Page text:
Jacques-Louis David facts for kids

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Jacques-Louis David
Self portrait of Jacques-Louis David, 1794, Musée du Louvre
Birth name Jacques-Louis David
Born (1748-08-30)30 August 1748
Paris, France
Died 29 December 1825(1825-12-29) (aged 77)
Brussels, Belgium
Nationality  France
Field Painting, Drawing
Movement Neoclassicism
Works Oath of the Horatii (1784), The Death of Marat (1793)
Awards Prix de Rome

Jacques-Louis David (30 August 1748 – 29 December 1825) was both a politician and an artist who lived during the French Revolution. As a politician, he is most famous for being one of the handful of leaders that governed France during the most violent part of the French Revolution. David believed that France should not have a monarchy and instead it should be a Republic.

As a painter, Jacques-Louis David wanted artwork to be political. He often painted heroes from myths or history that he believed represented good ideals such as strength, brotherhood, and virtue. His paintings are very realistic and often portray heroes from Ancient Greece and Rome. This is called the Neoclassical style of painting. He developed his 'Empire style', notable for its use of warm Venetian colours. David had a huge number of pupils, making him the strongest influence in French art of the 19th century, especially academic Salon painting.

One of David's most famous paintings is of his best friend Jean-Paul Marat who was killed during the French Revolution. David's painting helped make Marat into a popular martyred hero.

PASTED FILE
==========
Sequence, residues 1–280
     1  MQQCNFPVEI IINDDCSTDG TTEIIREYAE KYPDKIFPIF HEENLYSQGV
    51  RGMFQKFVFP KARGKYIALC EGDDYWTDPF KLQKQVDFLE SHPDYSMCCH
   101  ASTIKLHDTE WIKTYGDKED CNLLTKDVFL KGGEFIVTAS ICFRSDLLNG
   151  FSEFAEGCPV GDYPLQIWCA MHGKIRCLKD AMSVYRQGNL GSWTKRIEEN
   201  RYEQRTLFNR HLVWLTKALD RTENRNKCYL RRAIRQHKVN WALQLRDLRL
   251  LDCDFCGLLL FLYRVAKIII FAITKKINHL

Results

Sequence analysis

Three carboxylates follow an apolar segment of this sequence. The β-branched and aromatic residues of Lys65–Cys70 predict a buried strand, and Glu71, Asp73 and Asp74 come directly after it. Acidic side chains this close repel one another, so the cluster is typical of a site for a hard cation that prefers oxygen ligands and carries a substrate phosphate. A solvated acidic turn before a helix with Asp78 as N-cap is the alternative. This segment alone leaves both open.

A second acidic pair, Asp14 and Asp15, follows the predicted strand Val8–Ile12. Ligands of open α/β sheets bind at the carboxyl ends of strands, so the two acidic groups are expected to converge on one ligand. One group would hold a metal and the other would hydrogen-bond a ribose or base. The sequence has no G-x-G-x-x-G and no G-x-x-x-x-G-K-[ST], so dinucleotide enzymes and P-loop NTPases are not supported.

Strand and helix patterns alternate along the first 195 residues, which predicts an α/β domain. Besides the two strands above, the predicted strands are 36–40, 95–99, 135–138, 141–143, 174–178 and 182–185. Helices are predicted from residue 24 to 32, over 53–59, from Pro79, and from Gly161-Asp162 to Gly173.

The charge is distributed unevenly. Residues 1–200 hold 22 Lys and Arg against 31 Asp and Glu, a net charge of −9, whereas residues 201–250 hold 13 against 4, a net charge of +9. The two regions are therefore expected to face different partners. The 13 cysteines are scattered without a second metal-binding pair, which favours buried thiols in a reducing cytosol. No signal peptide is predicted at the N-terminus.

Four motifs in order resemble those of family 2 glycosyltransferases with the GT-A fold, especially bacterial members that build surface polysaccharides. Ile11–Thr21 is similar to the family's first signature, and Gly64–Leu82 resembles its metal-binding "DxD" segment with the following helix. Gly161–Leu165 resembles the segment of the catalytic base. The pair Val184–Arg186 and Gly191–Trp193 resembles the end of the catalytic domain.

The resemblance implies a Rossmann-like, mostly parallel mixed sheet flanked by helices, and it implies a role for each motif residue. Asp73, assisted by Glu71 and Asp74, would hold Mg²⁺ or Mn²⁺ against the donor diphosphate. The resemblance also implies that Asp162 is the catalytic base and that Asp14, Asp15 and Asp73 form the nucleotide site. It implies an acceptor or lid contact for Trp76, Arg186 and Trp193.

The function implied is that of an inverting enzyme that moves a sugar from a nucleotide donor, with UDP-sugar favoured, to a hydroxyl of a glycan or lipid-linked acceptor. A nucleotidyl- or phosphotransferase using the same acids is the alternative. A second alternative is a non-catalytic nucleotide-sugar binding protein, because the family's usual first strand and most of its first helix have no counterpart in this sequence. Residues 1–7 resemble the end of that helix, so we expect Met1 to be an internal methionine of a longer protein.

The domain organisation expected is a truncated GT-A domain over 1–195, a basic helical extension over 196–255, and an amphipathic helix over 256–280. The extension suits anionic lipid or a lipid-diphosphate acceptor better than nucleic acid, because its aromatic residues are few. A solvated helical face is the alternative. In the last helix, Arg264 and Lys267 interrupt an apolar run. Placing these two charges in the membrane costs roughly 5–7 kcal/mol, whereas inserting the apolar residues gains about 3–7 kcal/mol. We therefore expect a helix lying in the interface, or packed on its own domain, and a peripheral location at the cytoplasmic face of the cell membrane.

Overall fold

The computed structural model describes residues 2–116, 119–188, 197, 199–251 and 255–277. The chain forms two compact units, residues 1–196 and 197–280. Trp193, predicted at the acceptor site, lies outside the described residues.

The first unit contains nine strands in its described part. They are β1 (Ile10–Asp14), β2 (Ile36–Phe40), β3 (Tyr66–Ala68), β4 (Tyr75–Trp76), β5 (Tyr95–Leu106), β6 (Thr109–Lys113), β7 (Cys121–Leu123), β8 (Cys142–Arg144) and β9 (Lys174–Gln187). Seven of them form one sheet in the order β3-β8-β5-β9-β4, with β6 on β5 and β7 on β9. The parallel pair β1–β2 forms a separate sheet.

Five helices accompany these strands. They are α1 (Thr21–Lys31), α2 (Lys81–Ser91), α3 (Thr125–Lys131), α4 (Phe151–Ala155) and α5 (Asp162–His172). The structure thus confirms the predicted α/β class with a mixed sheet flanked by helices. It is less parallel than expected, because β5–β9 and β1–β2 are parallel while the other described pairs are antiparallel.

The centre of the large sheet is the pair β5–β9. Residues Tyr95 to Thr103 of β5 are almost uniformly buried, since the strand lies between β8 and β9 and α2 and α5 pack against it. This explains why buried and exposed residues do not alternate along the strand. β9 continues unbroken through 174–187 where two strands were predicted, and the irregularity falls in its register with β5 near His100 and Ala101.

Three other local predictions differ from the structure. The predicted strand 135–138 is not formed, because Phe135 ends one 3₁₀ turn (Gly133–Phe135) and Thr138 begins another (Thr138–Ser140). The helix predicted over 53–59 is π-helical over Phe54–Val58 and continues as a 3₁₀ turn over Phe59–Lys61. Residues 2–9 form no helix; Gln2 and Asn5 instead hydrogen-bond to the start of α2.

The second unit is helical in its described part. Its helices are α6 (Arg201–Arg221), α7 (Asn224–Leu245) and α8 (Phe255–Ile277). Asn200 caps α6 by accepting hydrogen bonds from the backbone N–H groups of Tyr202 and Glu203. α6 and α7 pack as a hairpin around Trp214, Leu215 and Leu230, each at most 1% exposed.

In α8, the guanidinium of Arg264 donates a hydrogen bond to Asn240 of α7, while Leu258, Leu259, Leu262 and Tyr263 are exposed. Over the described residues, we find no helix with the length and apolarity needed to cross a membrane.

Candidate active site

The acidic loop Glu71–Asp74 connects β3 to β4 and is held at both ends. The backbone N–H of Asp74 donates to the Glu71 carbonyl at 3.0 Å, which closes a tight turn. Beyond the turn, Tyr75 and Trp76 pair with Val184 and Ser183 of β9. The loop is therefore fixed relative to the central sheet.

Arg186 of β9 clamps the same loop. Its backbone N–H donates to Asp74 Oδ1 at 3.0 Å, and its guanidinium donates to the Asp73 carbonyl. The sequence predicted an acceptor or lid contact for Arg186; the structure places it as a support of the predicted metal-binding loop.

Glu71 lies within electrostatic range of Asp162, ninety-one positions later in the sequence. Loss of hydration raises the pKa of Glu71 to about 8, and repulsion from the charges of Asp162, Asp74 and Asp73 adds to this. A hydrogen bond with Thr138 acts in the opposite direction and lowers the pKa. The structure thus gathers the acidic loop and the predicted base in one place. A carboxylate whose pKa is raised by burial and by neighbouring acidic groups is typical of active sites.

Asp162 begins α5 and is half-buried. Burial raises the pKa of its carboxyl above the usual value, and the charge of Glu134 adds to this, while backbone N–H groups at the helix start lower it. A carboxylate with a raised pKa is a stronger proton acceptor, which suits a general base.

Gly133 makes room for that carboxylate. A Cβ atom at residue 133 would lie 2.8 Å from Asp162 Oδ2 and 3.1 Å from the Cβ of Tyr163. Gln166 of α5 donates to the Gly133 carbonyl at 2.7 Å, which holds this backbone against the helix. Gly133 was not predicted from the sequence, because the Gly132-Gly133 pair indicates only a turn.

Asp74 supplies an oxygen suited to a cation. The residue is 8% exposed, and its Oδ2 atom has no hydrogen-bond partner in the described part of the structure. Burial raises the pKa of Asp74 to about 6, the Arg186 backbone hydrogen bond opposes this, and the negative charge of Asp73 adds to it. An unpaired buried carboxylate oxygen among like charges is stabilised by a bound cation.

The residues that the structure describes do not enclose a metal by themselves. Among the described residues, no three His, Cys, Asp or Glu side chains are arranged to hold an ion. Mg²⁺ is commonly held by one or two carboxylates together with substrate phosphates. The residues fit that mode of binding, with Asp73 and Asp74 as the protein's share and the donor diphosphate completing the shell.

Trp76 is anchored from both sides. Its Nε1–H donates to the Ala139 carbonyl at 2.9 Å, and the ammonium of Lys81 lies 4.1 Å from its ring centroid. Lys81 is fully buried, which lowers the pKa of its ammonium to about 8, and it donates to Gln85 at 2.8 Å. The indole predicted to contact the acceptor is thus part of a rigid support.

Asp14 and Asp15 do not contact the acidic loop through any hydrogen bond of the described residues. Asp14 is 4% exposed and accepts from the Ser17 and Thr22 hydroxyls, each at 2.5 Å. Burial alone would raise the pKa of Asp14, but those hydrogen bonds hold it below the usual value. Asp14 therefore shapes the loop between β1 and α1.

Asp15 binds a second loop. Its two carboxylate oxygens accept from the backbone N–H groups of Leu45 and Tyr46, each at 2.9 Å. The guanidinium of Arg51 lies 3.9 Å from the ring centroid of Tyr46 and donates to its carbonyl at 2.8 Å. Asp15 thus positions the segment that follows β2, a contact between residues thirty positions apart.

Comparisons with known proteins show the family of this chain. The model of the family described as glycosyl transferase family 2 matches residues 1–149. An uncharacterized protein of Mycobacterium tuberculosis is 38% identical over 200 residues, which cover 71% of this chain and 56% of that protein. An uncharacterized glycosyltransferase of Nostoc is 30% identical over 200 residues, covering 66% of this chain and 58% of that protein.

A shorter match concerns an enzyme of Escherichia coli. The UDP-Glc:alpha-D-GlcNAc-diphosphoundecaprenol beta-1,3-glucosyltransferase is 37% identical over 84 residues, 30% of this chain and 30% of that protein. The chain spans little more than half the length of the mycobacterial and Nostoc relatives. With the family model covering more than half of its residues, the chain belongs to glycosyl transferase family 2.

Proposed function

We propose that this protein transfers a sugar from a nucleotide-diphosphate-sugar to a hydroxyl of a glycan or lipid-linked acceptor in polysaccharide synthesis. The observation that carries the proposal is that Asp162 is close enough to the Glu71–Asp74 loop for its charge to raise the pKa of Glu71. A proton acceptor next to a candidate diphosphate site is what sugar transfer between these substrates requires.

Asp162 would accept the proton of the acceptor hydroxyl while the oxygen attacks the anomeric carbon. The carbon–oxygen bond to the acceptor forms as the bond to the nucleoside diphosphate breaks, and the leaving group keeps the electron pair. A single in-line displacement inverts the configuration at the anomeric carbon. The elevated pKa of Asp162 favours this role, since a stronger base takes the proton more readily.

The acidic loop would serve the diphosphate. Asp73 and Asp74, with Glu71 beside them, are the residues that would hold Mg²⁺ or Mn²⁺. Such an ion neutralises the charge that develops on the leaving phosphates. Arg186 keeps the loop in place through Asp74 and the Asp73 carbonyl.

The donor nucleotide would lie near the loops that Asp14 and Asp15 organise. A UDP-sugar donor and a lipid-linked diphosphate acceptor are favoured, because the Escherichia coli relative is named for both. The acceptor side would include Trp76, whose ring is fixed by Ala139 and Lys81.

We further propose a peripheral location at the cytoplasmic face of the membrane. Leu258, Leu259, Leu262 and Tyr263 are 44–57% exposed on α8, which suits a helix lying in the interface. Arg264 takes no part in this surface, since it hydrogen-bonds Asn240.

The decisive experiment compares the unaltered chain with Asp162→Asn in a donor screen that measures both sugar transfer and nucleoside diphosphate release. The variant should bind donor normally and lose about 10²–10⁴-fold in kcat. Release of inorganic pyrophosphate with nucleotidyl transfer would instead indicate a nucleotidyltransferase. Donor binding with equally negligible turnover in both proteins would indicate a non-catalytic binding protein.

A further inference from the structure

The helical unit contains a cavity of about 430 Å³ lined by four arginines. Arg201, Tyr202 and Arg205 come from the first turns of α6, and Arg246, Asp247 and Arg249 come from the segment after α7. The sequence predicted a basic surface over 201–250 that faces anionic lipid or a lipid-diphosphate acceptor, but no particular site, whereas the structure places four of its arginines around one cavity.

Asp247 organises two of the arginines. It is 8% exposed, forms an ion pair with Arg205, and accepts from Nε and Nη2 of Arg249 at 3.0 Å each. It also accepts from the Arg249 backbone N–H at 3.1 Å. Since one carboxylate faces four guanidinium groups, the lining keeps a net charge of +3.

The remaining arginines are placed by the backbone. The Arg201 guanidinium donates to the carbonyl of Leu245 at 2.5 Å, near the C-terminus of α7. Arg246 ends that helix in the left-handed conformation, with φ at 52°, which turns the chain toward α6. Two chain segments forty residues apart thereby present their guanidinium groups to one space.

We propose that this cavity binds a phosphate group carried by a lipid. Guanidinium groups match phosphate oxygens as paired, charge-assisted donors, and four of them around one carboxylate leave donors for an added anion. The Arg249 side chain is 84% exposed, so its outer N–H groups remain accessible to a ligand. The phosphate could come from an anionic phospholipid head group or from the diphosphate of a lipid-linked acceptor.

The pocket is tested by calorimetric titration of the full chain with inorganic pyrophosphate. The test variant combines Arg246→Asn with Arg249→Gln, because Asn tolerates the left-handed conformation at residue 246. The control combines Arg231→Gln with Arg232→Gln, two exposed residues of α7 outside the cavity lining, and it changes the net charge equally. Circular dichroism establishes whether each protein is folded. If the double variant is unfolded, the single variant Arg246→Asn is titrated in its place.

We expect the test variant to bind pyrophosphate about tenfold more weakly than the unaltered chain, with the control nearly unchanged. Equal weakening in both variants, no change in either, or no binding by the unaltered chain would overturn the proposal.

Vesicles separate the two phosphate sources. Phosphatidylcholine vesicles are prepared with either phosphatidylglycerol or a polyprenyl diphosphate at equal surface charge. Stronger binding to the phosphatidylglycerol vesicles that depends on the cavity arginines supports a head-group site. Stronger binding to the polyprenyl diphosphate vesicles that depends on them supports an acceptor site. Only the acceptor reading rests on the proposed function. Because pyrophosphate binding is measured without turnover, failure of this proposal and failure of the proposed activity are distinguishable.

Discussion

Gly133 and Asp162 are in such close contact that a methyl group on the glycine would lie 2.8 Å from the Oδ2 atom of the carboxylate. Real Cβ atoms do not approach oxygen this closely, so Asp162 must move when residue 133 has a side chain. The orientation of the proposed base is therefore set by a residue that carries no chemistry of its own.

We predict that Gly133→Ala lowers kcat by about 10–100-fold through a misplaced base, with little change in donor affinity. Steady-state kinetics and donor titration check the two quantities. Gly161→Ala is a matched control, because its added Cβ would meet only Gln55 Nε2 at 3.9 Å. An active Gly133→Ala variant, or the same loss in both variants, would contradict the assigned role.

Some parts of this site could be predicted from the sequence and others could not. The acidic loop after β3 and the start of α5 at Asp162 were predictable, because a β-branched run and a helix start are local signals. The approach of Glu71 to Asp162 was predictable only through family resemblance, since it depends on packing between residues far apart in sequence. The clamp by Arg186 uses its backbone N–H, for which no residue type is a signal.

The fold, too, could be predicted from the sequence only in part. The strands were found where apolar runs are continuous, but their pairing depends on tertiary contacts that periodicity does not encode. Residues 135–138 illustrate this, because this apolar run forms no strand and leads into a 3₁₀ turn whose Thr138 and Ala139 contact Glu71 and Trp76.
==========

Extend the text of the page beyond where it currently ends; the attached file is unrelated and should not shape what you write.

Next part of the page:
His last great work, Mars Disarmed by Venus and the Three Graces was begun in 1822 and was finished the year before his death. “David wanted to outdo himself once more. In December 1823, he wrote: "This is the last picture I want to paint, but I want to surpass myself in it. I will put the date of my 75 years on it and afterwards I will never again pick up my brush."

The subject is taken from Greek mythology. The coloring is translucent and pearly, like painting on porcelain.” The painting was first shown in Brussels and then was sent to Paris, where David's former students flocked to see the it. The exhibit managed to bring in after operating costs, 13,000 francs, meaning there were more than 10,000 visitors, a huge amount for the time.

When David was leaving the theater, he was hit by a carriage and later died of deformations to the heart in December 29, 1824. David’s body was not allowed into France as he had voted to have the King of France Louis XVI killed with the guillotine which caused him to be exiled at the age of 65, after the French Revolution began to fail. Therefore he was buried in Brussels, but his heart was buried at Père Lachaise, Paris.

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